“The board is going to have to make a conclusion based on facts. Just because Sustainalytics doesn’t explicitly call for boycotts of Israel or Israeli-controlled territories for political or social reasons like Ben & Jerry’s doesn’t mean they haven’t broken Illinois law,” Marc Stern, a lawyer and leading expert in BDS-related legislation, told JNS. “Commercial factors can legitimately prevent companies from entering Israel. Politically motivated factors are something different when it comes to many of these boycott laws in various states. The Illinois board will have to make a decision.
More than 30 states have some form of anti-boycott laws, executive orders or other Israel-related investment policies, and many apply the standard to any area under Israeli control, including disputed territory in Judea and Samaria and any part of Jerusalem.
In September, Arizona sold $93 million in Unilever bonds and announced plans to sell the remaining $50 million invested in Unilever. A few days later, Texas launched a process that will likely end with the withdrawal of $100 million from state pension funds invested in Unilever. Florida, which has invested about $139 million in Unilever, announced in October that it would stop buying shares in the company. Earlier this month, New Jersey began withdrawing $182 million in Unilever stocks and bonds. (Illinois’ investments in Unilever are reportedly comparable to New Jersey’s, though exact numbers are still being researched by individual Illinois pension funds.) Israel.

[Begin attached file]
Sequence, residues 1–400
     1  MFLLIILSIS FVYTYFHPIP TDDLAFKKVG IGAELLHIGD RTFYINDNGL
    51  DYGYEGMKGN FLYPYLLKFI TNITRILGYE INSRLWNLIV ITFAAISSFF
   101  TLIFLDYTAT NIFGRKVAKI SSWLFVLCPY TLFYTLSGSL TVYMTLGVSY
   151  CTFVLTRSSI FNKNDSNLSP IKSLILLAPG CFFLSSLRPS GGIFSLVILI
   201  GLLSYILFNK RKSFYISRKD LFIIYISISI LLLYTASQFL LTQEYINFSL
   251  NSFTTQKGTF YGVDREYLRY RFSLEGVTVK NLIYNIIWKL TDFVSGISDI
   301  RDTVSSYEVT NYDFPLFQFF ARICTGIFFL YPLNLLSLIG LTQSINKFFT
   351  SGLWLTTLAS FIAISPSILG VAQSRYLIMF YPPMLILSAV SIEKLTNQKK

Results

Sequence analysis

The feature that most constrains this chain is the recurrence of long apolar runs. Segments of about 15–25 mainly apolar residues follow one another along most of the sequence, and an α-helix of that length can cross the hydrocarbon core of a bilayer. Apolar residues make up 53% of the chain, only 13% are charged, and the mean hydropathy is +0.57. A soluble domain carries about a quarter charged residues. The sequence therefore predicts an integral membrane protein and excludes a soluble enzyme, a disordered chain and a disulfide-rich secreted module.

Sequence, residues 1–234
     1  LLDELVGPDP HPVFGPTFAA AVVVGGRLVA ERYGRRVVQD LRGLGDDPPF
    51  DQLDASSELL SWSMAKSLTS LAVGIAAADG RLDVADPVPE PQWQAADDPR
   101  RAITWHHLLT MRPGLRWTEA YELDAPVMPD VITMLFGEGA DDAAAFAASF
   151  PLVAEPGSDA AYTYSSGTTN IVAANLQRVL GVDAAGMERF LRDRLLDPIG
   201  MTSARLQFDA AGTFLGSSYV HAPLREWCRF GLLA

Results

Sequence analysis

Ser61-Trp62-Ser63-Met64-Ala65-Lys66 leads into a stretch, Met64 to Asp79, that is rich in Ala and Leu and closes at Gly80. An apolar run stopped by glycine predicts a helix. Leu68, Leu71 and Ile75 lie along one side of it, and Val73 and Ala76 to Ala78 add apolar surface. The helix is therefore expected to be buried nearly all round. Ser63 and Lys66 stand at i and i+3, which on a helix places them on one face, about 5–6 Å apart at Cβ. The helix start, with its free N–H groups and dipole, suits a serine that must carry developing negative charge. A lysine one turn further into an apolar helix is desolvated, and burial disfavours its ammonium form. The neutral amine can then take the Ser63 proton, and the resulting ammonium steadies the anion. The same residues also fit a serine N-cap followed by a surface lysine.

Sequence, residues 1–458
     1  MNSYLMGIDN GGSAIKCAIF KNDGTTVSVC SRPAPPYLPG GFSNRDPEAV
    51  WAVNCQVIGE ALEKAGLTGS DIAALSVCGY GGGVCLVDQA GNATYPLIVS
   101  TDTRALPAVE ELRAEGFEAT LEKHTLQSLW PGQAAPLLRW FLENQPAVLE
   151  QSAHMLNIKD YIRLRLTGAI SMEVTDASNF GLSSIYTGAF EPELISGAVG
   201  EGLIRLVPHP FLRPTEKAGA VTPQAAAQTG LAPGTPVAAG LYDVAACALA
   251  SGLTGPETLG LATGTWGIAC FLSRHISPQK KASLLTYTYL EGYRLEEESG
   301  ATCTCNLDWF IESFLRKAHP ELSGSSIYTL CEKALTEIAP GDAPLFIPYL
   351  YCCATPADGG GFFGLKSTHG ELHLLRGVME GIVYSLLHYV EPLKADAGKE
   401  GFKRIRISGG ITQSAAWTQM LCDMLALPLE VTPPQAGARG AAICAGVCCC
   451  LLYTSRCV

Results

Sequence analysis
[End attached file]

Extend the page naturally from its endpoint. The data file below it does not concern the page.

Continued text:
New York state comptroller says decision in late October to divest state pension fund of about $111 million in Unilever stakes was made to protect Israel’s economy – and, therefore, the massive state holdings in Israeli companies – of the BDS movement. In November, New York Governor Kathleen Hochul opened a 90-day window for Unilever to reverse its position before the state ceases investments of any kind in the company. The Hochul office did not respond to repeated inquiries from the JNS as to the current status of this process. Last week, the Colorado Public Employees’ Retirement Association, which manages a $61 billion public pension fund, announced that it had filed to divest from Unilever.
Lappin told JNS that after the Unilever firestorm, he expects things to slow down once the Morningstar issue is resolved. There were no other businesses or items on Monday’s IIPB Israel committee agenda outside of Morningstar.
“It is going to be difficult and very important to overcome. So hopefully we get there,” Lappin said. “But I’m happy to say there’s nothing else on the horizon at the moment.”